The Dark Star is a scout ship, sent out with its remaining crew of four – Doolittle (Brian Narelle), Pinback (Dan O’Bannon), Boiler (Cal Kuniholm), and Talby (Dre Pahich) – to ready the universe for human colonization. That is achieved by blowing up unstable planets that could get in the way, something that they’ve been doing for 20 years now. But time hasn’t been kind neither to them, nor their sanity nor their equipment, and so things are really starting to go to shit.
Dark Star was fantastically absurd. It’s a wonderfully strange and absolutely funny film – and the only one of the Carpenter movies I saw that gives In the Mouth of Madness serious competition for the position of my personal favorite. I loved it.
Dark Star is the first feature of both Carpenter and O’Bannon, a student project for both of them that was later reworked to become a little longer so it would cross the magic 80 minute mark, turning it officially into a feature and not a short film. Some of that is pretty notable in the film: parts of it feel drawn out unnecessarily, the small budget is obvious (although well-handled), and there are some rookie mistakes in the filmmaking. And of course, it wouldn’t have hurt at all if at least one of the crew members had been female or anything other than white.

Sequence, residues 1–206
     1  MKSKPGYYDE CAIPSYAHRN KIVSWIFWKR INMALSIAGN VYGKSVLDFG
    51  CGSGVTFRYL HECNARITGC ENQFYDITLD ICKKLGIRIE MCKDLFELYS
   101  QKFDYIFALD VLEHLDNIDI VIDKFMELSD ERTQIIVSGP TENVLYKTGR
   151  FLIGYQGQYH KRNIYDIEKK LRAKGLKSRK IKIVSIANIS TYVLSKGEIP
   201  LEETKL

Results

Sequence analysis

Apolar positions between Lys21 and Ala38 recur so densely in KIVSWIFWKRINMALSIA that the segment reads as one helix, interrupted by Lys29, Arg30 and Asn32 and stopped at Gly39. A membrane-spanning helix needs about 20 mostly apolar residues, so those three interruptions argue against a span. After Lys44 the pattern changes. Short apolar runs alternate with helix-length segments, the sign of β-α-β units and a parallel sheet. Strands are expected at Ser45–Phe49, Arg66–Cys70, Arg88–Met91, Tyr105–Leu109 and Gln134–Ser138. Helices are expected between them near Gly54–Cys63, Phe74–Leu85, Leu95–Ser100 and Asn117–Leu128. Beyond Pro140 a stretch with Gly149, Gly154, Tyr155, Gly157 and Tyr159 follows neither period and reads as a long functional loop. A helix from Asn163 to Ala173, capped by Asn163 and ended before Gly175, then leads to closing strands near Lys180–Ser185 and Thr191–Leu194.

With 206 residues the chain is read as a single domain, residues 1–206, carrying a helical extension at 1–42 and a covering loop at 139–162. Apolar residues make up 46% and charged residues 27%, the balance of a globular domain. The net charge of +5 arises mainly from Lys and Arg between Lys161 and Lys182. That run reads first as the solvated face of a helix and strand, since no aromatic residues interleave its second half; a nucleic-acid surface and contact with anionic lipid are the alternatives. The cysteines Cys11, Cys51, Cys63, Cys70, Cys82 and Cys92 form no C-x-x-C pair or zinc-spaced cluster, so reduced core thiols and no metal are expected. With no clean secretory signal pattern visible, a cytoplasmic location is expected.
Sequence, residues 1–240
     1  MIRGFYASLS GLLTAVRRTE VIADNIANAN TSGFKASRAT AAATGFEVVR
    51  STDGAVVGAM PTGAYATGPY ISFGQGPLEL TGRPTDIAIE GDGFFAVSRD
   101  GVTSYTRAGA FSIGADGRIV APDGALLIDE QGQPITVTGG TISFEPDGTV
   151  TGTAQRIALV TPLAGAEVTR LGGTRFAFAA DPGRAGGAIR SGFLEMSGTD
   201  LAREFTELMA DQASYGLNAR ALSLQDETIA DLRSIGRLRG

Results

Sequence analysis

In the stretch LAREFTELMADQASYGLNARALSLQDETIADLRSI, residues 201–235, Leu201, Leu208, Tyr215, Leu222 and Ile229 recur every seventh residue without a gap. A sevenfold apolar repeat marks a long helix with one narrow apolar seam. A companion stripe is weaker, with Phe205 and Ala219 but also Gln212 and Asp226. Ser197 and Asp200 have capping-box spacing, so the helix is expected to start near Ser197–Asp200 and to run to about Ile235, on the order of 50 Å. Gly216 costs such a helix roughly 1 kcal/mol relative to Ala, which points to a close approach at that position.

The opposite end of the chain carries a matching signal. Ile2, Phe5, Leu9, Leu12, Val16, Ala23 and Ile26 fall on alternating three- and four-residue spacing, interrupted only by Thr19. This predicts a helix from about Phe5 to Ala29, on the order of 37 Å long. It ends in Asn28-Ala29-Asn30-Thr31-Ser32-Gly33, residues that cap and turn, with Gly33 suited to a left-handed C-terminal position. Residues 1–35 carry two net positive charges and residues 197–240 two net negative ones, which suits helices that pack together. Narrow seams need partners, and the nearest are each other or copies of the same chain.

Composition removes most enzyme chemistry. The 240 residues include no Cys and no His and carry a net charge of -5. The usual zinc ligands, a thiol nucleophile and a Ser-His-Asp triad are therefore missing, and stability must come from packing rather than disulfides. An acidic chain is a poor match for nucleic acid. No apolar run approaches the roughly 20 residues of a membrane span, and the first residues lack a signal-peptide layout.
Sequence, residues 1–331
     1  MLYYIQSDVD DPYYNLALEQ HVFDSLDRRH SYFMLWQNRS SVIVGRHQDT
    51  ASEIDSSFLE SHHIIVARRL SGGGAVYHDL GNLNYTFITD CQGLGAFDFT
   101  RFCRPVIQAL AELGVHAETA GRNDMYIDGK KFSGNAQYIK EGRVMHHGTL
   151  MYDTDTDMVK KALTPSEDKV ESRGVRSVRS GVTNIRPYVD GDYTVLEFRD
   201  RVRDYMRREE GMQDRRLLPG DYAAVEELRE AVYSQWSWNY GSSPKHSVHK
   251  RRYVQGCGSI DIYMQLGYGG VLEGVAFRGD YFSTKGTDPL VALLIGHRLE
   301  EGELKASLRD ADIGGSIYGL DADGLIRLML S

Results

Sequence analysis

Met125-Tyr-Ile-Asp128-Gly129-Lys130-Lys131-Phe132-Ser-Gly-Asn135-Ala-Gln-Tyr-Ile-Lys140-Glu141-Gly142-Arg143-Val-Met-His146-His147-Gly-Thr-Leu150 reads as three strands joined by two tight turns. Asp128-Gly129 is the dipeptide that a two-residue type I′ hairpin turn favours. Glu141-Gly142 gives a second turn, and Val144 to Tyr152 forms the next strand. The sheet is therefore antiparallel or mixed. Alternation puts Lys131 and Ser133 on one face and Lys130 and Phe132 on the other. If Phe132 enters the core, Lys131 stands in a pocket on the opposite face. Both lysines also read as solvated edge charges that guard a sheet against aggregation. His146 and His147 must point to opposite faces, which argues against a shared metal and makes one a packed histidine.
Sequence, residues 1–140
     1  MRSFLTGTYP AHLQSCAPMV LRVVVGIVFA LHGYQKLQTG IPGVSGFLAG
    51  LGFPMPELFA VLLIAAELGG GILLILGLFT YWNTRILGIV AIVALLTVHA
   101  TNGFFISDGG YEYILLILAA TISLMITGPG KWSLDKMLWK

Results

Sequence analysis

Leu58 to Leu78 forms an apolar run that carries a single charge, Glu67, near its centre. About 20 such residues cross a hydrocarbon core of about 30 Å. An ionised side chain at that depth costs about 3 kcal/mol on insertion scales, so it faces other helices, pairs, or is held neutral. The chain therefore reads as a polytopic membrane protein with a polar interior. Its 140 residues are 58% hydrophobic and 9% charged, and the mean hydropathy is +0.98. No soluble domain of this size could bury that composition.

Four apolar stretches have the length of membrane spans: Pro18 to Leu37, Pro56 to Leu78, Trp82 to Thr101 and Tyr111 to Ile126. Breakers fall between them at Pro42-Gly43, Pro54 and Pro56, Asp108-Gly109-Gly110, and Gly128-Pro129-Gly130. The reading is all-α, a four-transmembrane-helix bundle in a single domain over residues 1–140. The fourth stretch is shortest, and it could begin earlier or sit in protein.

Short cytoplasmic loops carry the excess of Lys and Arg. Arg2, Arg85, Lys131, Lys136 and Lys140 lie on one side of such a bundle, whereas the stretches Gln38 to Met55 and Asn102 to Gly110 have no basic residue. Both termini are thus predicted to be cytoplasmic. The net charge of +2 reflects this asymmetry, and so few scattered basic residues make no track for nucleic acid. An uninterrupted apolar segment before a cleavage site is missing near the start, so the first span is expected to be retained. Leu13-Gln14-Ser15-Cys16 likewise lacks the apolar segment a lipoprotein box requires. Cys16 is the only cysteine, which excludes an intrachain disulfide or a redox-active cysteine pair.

But nevertheless, it’s a fantastic film. Where it isn’t actually good, you can still see a whole lot of potential. And it has been a while that I laughed about a film that much. The alien alone that Pinback captures to be their mascot and that terrorizes him afterwards is brilliant – from design to its antics. And I simply loved everything that involved Bomb #20.
The film proves that you don’t need much to tell a creative story and to make it work. It works particularly well when the people involved put some passion into it. And that is the feeling I got from Dark Star: they had fun doing it and they were passionate about it.
While the film does poke fun at many genre conventions and 2001 in its entirety, it obviously comes from a place of love for the genre and is never mean-spirited about it. Plus, its humor doesn’t hinge on it being a parody, which is in itself quite the achievement and makes the film great, even if you aren’t that well-versed in space operas etc. I can’t imagine that it wouldn’t make you laugh at some point.